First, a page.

Tuesday, July 9, 2013

2013 Season Summary

Google Map of Smiths Island sites (Green = 17th c.; Blue = 18th c.; Red = 19th c.) 

I am now back in Rochester, recovering from a very intense six weeks of excavations, tours, research, teaching, snorkeling, and assorted boon-doggles - for all of 24 hours before we board a jet to Ireland and the UK - but thought it fitting to sum up the 2013 season as a last entry for a while. We had a spectacularly successful field school. By the end, the students were basically carrying out all the routine steps of excavation, from filling out forms, taking elevations and opening photos to digging sensitively and noting layer changes and features on their own. I am confident that they could now join any ongoing excavation elsewhere in the world and fit right in (OK, so our Archimedes water level is a bit on the primitive side compared with the EDMs used elsewhere, but it's tried and true technology and doesn't need batteries). Our volunteers (Krystl, Chloe, Khari, Jillian, Suzann, Sara, Matthew, Alaina, Jason, Scott, and Kelsey) were also wonderful and helped us greatly expand the area we were able to uncover. Many of them were frustrated by the minimal amount of Bermudian history they were taught in school and really appreciated digging into their collective distant past - and I was happy to help them explore the rich heritage all around them and beneath their feet. We had a wonderful turn-out for both the Historic Heartbeats tours and the evening talk at the World Heritage Center - both apparently sold out within a day of being publicized.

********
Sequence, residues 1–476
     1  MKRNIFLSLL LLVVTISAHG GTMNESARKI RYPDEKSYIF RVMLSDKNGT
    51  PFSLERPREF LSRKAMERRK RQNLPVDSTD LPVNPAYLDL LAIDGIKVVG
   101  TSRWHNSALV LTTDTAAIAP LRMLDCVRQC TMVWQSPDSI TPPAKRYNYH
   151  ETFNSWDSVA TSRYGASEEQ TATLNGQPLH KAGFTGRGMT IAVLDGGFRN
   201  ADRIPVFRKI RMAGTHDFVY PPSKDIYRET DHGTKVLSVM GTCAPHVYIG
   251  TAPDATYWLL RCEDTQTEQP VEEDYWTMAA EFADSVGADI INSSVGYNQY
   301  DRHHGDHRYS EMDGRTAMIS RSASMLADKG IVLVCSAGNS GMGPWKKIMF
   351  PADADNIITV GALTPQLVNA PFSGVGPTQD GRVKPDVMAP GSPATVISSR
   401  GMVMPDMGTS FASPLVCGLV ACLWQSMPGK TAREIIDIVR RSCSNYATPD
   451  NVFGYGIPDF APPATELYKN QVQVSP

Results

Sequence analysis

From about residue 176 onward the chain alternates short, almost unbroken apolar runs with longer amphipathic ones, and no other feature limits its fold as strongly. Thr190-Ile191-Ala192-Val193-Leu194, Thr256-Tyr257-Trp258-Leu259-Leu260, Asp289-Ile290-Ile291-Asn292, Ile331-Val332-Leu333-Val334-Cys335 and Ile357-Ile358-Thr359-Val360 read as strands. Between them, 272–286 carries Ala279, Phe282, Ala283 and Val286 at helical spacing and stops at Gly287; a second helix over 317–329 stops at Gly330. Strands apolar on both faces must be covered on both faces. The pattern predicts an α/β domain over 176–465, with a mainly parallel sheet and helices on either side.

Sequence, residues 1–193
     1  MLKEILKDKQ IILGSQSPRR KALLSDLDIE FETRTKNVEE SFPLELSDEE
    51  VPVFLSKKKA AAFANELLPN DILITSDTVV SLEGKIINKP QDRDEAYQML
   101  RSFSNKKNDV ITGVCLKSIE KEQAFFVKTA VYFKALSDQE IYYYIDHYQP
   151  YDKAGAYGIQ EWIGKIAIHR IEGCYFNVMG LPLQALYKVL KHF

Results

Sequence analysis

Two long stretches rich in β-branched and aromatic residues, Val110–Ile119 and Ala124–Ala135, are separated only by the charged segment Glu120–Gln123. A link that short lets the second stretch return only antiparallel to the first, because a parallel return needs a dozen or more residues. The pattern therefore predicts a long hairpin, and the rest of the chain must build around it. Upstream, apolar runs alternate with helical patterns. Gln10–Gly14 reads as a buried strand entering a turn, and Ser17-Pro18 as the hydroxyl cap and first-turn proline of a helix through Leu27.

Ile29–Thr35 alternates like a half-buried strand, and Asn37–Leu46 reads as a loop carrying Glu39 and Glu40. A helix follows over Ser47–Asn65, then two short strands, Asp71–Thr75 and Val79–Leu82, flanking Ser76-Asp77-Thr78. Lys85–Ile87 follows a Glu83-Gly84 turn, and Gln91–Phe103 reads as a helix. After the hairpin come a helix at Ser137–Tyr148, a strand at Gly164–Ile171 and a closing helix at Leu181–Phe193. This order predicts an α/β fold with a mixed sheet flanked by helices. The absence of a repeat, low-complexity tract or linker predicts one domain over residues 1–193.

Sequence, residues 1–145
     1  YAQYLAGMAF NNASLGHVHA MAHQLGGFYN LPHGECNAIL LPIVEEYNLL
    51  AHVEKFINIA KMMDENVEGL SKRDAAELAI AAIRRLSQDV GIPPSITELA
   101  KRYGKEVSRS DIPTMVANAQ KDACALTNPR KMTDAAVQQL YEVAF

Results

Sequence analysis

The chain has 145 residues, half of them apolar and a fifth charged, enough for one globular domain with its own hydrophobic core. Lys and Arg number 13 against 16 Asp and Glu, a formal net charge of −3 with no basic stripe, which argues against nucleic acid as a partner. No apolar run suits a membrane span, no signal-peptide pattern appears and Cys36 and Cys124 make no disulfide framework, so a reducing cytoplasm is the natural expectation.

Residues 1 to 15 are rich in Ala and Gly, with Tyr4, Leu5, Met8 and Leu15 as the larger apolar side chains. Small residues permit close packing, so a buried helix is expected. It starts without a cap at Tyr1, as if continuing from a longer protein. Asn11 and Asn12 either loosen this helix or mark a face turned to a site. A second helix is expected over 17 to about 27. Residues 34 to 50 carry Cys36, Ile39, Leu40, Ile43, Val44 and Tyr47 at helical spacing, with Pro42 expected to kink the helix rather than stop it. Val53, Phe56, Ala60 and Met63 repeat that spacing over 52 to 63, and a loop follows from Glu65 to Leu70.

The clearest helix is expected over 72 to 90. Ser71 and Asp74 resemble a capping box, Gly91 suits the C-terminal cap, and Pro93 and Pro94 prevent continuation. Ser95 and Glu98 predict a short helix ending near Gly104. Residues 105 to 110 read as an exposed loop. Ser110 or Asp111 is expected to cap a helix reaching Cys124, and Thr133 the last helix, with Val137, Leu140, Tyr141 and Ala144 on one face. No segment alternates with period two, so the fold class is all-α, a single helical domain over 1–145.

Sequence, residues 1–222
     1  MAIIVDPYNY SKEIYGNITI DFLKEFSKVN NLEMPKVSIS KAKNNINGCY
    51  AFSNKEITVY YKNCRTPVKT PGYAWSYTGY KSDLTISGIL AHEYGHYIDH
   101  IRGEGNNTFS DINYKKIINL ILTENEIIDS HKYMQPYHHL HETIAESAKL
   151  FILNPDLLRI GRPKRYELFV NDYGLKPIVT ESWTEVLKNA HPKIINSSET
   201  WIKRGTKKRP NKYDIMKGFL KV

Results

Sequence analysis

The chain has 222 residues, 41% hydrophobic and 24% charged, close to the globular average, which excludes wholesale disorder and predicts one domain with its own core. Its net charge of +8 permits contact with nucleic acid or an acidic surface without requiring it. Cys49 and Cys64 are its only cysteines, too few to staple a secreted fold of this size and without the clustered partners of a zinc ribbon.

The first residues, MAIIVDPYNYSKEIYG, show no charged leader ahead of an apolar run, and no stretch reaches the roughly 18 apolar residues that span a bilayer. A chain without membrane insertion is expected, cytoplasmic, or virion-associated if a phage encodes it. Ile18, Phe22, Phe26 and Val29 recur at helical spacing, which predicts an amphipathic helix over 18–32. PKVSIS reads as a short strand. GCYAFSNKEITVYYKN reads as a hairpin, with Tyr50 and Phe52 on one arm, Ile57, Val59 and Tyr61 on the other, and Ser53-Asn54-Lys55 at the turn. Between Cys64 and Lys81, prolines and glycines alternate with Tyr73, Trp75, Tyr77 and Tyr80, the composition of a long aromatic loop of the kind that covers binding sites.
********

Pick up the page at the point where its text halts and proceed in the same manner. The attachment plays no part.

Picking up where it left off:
In terms of research questions and discoveries, we also fulfilled our primary aims. We determined the front of the Oven Site house, revealing it to be a 24-foot wide structure which was two rooms deep where our trench bisected it. A collateral expansion unit (N2 E7) revealed a worn set of stairs, a deeper floor portion to the south of our trench, and perhaps a front porch room, which would make the building cruciform in shape. Three deep and deeply buried postholes date to the earliest phase of construction, but then were buried by a renovation episode when the brick lining of an oven and hearth was removed, at about the mid-17th century. In the upper layers of the subsequently deposited floor (dating to the late 17th and early 18th centuries) we found both West Country English pottery consistent with the origins of Godherd Asser, the first historically known tenant of Smiths Island, as well as many more flakes of chert, which is consistent with the documented presence of nine Native American slaves at the site in 1707. Next year's excavations will help determine the northern and southern wall boundaries of the house, reveal the deeper floor layer to the south, and articulate the postulated porch room in front. We also hope to test to the north and east of Oven Site in order to find the privy, midden, outbuildings, and (perhaps) well one would expect to find associated with a 17th-century homestead.